- Translational friction: How much translational movement is reduced with every frame. You can increase this to reduce jittery movement.
- Translational inertia: This reduces how much of an effect animation movement has on the bone. Increasing this will make the bone less reactive to fast animations.
- Max distance (translation only): This limits the maximum distance the bone is allowed to move.
- Gravity enabled: Enabling this will make the bone react to gravity. It will attempt to move towards the direction of gravity as if it was suspended in air.
- Tip mass: A higher mass will make the bone react more strongly to gravity instead of movement from the animation.
- Gravity direction: This is the direction of gravity.
- Tip size: This lets you override the distance between the simulated weight of the bone and the center of the bone. A greater size will make the bone less reactive to certain animations, while a smaller size will make it more reactive. If you leave it at 0 and the bone has exactly one child bone, the size is dynamically set to match the distance to the child. Setting this value to anything other than 0 will override the size. You can see the size in the editor by looking at how far the orange circle is from the bone you just edited.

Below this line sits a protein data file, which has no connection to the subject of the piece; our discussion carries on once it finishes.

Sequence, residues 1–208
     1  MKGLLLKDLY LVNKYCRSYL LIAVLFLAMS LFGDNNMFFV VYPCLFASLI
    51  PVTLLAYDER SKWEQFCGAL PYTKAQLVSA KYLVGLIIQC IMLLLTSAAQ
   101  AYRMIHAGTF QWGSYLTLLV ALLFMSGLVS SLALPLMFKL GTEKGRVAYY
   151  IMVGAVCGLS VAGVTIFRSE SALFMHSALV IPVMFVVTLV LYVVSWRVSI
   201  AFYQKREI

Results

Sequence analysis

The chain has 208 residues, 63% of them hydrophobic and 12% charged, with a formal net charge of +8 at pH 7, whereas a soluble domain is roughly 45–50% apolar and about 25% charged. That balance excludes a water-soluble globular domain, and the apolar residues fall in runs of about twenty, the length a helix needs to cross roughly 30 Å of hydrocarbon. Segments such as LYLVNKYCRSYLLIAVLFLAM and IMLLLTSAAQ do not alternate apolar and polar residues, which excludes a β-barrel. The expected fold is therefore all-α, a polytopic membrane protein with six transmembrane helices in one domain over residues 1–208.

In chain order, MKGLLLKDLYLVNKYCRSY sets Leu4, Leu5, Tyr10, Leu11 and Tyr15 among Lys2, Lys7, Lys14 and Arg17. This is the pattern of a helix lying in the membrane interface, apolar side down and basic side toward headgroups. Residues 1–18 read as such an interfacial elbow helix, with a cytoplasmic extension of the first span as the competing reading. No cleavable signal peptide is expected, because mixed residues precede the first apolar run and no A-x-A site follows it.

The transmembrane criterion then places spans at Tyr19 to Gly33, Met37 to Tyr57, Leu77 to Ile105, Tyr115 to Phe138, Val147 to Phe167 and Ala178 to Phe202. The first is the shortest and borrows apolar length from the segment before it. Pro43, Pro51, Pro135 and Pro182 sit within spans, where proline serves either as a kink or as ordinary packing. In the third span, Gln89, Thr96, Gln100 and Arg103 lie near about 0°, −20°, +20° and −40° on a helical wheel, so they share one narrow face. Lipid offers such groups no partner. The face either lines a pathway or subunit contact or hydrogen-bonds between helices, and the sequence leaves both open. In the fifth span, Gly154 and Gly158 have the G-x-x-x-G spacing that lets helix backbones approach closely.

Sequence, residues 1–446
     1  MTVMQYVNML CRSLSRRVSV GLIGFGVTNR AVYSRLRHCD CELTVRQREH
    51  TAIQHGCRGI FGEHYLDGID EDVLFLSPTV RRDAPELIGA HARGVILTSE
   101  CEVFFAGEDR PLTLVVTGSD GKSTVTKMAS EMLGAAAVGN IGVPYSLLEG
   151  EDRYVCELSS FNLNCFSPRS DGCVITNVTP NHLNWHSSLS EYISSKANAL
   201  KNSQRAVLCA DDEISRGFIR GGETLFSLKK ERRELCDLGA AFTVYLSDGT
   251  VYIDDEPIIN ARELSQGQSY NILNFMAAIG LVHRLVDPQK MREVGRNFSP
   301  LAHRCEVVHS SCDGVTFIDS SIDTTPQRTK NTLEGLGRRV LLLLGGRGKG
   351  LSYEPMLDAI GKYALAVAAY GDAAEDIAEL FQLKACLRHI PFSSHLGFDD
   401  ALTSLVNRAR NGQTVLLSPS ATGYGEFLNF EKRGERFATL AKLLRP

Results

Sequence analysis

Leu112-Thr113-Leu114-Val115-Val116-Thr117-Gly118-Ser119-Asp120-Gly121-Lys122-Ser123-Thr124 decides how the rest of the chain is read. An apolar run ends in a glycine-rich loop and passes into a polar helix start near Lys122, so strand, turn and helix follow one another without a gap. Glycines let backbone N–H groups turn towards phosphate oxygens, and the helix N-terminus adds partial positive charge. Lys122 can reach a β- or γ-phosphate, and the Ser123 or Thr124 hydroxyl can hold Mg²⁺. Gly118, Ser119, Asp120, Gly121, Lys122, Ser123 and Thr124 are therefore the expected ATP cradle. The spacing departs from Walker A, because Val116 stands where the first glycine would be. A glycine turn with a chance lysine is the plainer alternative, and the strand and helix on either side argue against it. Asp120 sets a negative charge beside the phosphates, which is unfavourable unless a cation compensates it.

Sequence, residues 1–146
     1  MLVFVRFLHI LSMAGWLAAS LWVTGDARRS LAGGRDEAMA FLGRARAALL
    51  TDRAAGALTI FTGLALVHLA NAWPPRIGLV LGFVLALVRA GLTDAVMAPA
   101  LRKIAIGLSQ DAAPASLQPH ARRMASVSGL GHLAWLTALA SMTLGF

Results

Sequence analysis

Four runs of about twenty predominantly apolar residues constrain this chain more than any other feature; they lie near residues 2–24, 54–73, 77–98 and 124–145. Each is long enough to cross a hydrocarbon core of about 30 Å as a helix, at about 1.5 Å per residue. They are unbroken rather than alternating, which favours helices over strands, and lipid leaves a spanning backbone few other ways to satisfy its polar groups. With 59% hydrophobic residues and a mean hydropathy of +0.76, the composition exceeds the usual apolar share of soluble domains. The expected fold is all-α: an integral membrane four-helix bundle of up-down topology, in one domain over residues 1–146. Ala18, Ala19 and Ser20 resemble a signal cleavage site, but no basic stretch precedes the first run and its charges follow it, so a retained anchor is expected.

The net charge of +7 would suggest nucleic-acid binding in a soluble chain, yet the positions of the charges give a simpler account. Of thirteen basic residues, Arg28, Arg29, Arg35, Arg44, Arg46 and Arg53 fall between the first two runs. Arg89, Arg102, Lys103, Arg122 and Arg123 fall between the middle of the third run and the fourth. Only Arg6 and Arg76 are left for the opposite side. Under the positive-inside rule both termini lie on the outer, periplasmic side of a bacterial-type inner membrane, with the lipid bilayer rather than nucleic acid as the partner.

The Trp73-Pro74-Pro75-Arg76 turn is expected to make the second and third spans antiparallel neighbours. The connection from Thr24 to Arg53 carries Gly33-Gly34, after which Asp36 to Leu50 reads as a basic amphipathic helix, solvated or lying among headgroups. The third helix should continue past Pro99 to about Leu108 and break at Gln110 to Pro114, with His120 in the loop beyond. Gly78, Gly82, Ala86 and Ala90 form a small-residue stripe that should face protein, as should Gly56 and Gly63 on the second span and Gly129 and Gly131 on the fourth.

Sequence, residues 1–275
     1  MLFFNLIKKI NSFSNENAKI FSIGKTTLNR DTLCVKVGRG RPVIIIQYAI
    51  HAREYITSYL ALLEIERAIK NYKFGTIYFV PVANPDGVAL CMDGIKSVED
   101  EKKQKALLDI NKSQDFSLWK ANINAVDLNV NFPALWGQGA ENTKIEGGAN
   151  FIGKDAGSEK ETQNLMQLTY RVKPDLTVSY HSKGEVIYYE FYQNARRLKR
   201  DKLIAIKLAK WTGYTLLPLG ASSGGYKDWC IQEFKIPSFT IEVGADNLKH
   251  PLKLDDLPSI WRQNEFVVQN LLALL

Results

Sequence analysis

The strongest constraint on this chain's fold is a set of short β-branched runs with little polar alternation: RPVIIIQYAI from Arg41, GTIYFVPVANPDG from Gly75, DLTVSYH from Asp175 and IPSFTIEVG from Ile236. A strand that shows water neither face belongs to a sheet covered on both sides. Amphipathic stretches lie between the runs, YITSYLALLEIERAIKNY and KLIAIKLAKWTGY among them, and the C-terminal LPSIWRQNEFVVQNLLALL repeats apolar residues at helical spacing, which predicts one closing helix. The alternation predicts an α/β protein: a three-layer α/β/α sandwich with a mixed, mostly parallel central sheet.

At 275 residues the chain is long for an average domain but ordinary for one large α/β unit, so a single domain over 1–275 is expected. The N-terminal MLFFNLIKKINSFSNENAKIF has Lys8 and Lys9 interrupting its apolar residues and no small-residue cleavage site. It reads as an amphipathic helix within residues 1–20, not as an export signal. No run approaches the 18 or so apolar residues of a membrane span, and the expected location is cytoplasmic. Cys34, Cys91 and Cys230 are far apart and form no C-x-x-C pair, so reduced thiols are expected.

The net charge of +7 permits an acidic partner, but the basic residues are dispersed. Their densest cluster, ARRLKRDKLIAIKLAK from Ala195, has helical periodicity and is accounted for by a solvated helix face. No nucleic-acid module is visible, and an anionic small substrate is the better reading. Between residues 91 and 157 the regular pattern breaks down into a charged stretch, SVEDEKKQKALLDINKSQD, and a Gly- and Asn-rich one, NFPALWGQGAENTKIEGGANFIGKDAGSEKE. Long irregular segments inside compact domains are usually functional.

- Tip forward angle: This lets you override the angle of the tip. By default the tip will face the direction towards the child bone, if there is one, otherwise it will face the default forward direction of the bone, along the X axis. You can change this direction in either case with this option. This option applies an offset to the current direction.
- Limit rotation: Using this option allows you to limit the maximum rotation of the bone in either direction. This can be useful to steer the bone into the desired direction and prevent it from rotating 180 degrees.
- Min angle: The minimal angle of the allowed rotation. By default this is -180 degrees.
- Max angle: The maximum angle of the allowed rotation. By default this is 180 degrees.
- Limit torque: Enabling this option allows you to limit the maximum rotational force applied to the bone. You can use this option to prevent the bone from spinning erratically due to very fast animations.
- Max torque: The maximum allowed force, any forces greater than this will be limited to the maximum value.